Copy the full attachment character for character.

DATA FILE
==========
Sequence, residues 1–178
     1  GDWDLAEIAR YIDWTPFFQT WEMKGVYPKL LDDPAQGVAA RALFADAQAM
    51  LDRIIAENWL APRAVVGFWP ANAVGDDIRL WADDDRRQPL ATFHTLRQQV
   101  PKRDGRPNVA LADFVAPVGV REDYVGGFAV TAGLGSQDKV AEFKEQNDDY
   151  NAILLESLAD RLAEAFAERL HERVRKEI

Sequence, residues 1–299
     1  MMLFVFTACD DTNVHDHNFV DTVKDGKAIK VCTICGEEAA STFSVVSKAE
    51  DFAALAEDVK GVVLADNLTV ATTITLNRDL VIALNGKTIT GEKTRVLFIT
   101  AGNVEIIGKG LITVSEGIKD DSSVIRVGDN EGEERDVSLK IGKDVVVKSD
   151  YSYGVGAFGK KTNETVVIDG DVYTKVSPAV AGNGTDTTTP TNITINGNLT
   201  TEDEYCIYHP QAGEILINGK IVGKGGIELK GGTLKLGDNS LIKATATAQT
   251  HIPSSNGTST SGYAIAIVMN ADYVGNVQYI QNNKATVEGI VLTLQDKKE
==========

Sequence, residues 1–178
     1  GDWDLAEIAR YIDWTPFFQT WEMKGVYPKL LDDPAQGVAA RALFADAQAM
    51  LDRIIAENWL APRAVVGFWP ANAVGDDIRL WADDDRRQPL ATFHTLRQQV
   101  PKRDGRPNVA LADFVAPVGV REDYVGGFAV TAGLGSQDKV AEFKEQNDDY
   151  NAILLESLAD RLAEAFAERL HERVRKEI

Sequence, residues 1–299
     1  MMLFVFTACD DTNVHDHNFV DTVKDGKAIK VCTICGEEAA STFSVVSKAE
    51  DFAALAEDVK GVVLADNLTV ATTITLNRDL VIALNGKTIT GEKTRVLFIT
   101  AGNVEIIGKG LITVSEGIKD DSSVIRVGDN EGEERDVSLK IGKDVVVKSD
   151  YSYGVGAFGK KTNETVVIDG DVYTKVSPAV AGNGTDTTTP TNITINGNLT
   201  TEDEYCIYHP QAGEILINGK IVGKGGIELK GGTLKLGDNS LIKATATAQT
   251  HIPSSNGTST SGYAIAIVMN ADYVGNVQYI QNNKATVEGI VLTLQDKKE